Stephen J. Schueler, M.D.

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Raynaud's Disease Overview

What is Raynaud's disease?
A person with Raynaud's disease has spasms of the blood vessels in the fingers. The spasm interrupts the blood flow, which causes the skin to become pale or blue. Raynaud's disease may also cause spasms of the blood vessels in the toes, nose and ears. Episodes of blood vessel spasm are usually triggered by exposure to cold temperatures. The underlying cause of Raynaud's disease is unknown. About 1 out of 25 people in the US has Raynaud's disease.

What are the symptoms of Raynaud's disease?
Symptoms of Raynaud's disease during exposure to cold include pale, blue or grey skin, hand numbness, foot numbness, and joint stiffness. Symptoms of Raynaud's disease during rewarming include skin redness, finger pain, and toe pain.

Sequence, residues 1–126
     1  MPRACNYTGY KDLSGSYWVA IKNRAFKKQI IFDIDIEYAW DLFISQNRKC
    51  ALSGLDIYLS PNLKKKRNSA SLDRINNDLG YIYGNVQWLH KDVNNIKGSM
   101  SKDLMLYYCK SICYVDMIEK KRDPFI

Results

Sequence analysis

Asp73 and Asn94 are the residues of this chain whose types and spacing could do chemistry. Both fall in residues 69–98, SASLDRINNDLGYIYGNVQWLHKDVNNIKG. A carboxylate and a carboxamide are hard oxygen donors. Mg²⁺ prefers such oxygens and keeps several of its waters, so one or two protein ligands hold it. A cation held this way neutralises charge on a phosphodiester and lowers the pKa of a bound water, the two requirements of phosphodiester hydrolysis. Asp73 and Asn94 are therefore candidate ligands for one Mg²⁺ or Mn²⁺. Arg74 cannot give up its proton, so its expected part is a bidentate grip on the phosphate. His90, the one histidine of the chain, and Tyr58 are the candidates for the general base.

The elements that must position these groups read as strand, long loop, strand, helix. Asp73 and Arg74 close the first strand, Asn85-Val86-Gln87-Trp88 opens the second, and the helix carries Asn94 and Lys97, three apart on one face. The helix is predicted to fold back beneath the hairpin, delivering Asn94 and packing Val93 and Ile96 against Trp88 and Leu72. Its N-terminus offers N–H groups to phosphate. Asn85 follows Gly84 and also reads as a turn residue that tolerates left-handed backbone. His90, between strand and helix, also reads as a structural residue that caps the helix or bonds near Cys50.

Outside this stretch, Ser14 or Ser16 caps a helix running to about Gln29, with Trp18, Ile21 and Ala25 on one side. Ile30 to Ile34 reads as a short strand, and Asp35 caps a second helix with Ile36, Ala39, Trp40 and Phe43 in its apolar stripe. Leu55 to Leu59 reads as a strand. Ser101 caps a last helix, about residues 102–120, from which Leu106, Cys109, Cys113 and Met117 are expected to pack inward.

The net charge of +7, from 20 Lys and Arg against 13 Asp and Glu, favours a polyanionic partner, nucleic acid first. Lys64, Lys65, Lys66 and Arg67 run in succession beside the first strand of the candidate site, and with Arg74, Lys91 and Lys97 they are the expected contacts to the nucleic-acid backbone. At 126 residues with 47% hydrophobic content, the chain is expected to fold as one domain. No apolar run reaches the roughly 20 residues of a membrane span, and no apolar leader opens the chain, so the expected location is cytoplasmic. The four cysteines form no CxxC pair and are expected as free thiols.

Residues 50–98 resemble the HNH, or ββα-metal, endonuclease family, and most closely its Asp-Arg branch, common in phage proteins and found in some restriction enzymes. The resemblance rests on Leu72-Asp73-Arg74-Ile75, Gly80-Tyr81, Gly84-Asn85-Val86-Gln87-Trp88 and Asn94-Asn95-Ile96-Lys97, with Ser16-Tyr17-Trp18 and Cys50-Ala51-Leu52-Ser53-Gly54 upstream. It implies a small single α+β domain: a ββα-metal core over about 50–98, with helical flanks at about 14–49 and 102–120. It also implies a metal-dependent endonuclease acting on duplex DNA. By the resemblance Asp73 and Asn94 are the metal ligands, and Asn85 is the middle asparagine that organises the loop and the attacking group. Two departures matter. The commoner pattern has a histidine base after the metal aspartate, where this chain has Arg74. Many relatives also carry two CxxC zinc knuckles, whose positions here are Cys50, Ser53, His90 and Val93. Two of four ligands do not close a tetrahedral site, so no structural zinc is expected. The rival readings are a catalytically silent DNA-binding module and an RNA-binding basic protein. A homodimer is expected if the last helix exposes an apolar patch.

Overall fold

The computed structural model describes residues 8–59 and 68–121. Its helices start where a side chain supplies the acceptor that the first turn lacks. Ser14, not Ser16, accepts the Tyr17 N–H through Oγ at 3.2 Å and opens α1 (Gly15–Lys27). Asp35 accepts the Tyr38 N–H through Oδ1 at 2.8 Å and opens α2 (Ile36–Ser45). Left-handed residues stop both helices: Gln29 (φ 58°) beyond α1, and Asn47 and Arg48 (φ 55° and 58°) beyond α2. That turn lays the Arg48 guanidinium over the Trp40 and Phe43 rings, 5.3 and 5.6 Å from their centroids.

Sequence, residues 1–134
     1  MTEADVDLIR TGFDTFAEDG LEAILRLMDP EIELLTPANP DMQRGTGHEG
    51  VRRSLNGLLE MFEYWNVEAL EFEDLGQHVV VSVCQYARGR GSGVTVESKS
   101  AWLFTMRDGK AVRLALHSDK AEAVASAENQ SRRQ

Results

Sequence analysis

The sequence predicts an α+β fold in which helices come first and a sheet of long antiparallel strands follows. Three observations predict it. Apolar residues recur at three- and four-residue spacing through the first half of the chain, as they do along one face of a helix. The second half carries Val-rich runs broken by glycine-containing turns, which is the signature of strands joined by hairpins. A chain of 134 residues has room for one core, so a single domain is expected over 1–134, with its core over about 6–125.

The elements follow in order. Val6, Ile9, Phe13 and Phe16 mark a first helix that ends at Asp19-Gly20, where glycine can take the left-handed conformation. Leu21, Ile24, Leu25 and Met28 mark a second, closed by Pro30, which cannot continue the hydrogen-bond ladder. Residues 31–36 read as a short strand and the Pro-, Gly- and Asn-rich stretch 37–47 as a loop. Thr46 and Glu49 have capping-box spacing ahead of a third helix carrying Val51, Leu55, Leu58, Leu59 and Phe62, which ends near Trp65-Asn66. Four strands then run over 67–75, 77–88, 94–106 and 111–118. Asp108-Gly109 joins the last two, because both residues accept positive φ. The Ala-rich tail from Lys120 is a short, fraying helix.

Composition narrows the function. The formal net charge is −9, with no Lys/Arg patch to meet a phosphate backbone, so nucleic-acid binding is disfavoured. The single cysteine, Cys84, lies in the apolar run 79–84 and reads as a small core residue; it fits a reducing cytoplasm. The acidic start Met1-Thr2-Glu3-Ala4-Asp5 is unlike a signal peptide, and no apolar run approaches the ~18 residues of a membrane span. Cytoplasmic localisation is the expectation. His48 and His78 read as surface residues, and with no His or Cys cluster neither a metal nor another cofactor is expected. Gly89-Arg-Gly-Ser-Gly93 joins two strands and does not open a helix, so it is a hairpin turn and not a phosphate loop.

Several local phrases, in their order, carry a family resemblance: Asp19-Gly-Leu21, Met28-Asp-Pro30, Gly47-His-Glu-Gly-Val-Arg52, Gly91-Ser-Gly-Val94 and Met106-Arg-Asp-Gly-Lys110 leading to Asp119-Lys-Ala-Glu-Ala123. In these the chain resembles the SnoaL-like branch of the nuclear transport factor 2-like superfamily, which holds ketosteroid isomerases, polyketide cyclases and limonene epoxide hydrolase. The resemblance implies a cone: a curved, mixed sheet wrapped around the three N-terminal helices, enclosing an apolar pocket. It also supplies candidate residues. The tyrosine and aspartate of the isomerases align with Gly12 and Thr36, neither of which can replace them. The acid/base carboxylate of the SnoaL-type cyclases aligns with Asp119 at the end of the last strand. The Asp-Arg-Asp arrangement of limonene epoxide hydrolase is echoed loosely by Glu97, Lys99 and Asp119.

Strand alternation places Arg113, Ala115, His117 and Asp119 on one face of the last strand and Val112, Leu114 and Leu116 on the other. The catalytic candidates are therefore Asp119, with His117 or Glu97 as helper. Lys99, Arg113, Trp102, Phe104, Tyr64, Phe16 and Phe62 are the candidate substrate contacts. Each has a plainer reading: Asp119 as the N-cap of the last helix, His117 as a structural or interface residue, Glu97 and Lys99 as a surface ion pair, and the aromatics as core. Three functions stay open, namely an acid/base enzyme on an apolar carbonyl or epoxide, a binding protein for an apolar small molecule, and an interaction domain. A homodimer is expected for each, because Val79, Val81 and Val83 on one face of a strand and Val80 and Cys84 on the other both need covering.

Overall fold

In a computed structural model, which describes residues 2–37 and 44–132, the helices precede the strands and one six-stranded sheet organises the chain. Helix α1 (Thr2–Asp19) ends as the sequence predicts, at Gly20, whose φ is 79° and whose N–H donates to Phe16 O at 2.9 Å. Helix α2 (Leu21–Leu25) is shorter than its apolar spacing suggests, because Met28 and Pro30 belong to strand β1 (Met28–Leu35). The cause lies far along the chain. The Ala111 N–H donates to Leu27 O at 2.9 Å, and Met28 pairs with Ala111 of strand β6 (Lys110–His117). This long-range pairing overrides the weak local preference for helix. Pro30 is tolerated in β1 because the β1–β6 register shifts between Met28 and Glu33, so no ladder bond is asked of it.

How does the doctor treat Raynaud's disease?
Treatment for Raynaud's disease includes avoiding smoke, avoiding exposure to cold, and medications. Treatment for severe Raynaud's disease may include surgery.

Continue to Raynaud's Disease Incidence

Last Updated: Aug 30, 2010 References
Authors: Stephen J. Schueler, MD; John H. Beckett, MD; D. Scott Gettings, MD
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PubMed Raynaud's Disease References
  1. Hodges H. Raynaud's disease: pathophysiology, diagnosis, and treatment. J Am Acad Nurse Pract. 1995 Apr;7(4):159-64. [7756043]
  2. Muir AH, Robb R, McLaren M, Daly F, Belch JJ. The use of Ginkgo biloba in Raynaud's disease: a double-blind placebo-controlled trial. Vasc Med. 2002;7(4):265-7. [12710841]
  3. Varon J, Gasman JD. Raynaud's disease: an update. Hosp Pract. 1991 Jan 15;26(1):157-9. [1898940]
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